Flowman Job Execution#

Flowman provides some robust execution mechanics, which ensure correct build results. These mechanics revolve around execution phases and data dependencies.

Execution Phases#

Flowman sees data as artifacts with a common lifecycle, from creation until deletion. The lifecycle itself consists of multiple different phases, each of them representing one stage of the whole lifecycle.

The full lifecycle consists out of specific execution phases, as follows:

  1. VALIDATE. This first phase is used for validation and any error will stop the next steps. A validation step might for example check preconditions on data sources which are a hard requirement.

  2. CREATE. This will create all relations (tables and directories) specified as targets. The tables will not contain any data, they only provide an empty hull. If a target already exists, a migration will be started instead. This will migrate a relation (table or directory) to a new schema, if required. Note that this is not supported by all target types, and even if a target supports migration in general, it may not be possible due to nonmigratable changes.

  3. BUILD. The build phase will actually create all records and fill them into the specified relations.

  4. VERIFY. The verify phase will perform simple checks (for example if a specific Hive partition exists), or may also include some specific user defined tests that compare data. If verification fails, the build process stops.

  5. TRUNCATE. Truncate is the first of two phases responsible for cleanup. Truncate will only remove individual partitions from tables (i.e. it will delete data), but it will keep tables alive.

  6. DESTROY. The final phase destroy is used to physically remove relations including their data. This will also remove table definitions, views and directories. It performs the opposite operation than the CREATE phase.


When executing a specific job, Flowman first builds a dependency tree of all targets. Then the targets are executed in an order such that all dependencies of each target have to be built before the target in question itself is being built.

For building the dependency tree, Flowman examines the physical entities required or produced by each target. Therefore, in most cases, you do not need to manually specify dependencies yourself (although this is possible).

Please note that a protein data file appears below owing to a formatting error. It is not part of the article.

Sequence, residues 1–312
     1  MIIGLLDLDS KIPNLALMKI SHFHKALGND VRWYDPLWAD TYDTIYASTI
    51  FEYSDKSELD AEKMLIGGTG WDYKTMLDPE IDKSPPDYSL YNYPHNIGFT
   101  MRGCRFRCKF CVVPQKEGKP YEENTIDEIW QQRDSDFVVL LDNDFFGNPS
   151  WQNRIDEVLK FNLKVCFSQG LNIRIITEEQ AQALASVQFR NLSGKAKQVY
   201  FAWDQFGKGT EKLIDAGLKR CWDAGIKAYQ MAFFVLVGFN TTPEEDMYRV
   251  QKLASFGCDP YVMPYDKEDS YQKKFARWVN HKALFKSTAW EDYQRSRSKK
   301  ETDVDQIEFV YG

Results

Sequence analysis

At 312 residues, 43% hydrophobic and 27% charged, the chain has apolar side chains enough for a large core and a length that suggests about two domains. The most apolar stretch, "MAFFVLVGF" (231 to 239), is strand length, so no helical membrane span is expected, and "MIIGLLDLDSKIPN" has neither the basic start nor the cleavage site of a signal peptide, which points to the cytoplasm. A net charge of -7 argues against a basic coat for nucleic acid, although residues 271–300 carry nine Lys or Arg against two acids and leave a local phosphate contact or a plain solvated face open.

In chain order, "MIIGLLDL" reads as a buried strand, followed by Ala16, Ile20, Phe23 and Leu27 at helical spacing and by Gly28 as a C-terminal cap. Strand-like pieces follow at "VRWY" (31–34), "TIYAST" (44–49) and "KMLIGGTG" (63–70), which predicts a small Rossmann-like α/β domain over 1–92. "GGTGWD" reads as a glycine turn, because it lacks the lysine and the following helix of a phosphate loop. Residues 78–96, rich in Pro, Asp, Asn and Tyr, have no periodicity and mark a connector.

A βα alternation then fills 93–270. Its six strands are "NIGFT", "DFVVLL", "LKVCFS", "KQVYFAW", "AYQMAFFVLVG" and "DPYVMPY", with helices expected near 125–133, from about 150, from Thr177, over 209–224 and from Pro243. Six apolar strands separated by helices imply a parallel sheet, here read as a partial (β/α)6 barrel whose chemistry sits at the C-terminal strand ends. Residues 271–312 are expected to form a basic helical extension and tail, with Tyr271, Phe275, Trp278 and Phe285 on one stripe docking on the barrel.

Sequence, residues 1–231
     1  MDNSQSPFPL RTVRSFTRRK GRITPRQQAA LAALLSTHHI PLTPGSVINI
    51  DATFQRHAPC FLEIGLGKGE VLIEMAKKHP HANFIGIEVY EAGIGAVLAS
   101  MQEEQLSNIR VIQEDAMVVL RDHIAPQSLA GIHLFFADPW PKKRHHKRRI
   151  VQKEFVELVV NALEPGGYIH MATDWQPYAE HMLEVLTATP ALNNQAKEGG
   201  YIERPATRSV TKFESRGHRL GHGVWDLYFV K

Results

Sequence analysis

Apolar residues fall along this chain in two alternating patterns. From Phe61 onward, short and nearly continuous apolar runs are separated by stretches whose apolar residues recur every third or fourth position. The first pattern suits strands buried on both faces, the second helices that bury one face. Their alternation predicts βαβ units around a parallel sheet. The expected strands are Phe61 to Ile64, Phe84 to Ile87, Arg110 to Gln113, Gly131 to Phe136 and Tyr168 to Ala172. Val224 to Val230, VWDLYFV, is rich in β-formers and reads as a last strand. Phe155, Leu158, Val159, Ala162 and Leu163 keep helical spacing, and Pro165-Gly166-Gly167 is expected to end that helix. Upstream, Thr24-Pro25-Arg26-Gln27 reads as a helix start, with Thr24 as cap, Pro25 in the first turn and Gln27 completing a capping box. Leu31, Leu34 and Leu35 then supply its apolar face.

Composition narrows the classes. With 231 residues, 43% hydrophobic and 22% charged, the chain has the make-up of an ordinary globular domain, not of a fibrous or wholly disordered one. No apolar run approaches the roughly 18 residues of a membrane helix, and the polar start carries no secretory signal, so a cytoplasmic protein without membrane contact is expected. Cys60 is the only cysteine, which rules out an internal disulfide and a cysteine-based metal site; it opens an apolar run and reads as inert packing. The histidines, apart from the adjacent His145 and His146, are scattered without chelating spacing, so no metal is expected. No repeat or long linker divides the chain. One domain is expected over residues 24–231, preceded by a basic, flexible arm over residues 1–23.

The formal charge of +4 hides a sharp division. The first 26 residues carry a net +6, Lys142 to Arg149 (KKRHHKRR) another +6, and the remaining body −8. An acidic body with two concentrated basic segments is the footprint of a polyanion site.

Automatic Dependencies#

Flowman tries to detect any dependencies between targets automatically, such that all targets are built in the correct order. You need nothing to do to take advantage of this feature.

Manual Dependencies#

In addition to automatic dependency management, you can also specify explicit dependencies between targets. This can be done by adding before and after tags to the targets.


    kind: relation
      - target_b
      - target_c

    after: target_x


Full Execution Model#

A job groups multiple targets to a logical bundle, which should be built together. When executing a lifecycle for a job, Flowman will apply the following logic:

  1. Interpolate any given parameter given on the command line, for example flowexec job daily verify processing_date:start=2022-11-01 processing_date:end=2022-11-10 would cycle through 10 consecutive days and execute the job daily with the parameter processing_date set accordingly.

  2. Iterate over all execution phases of the lifecycle (i.e. VALIDATE, CREATE, BUILD, VERIFY).

  3. Perform dependency analysis of all targets within the job, which are active for the current execution phase

  4. Identify all active targets in the current phase (possibly accordingly to the jobs executions section)

  5. Check each target if it is dirty (i.e. it requires an execution) the current phase

  6. Execute all active and dirty targets in the correct order

Note that Flowman also cascades dirtiness during the execution. This means that if target B depends on target A, and target A is dirty (because data is overwritten), then target B also becomes implicitly dirty via its dependency.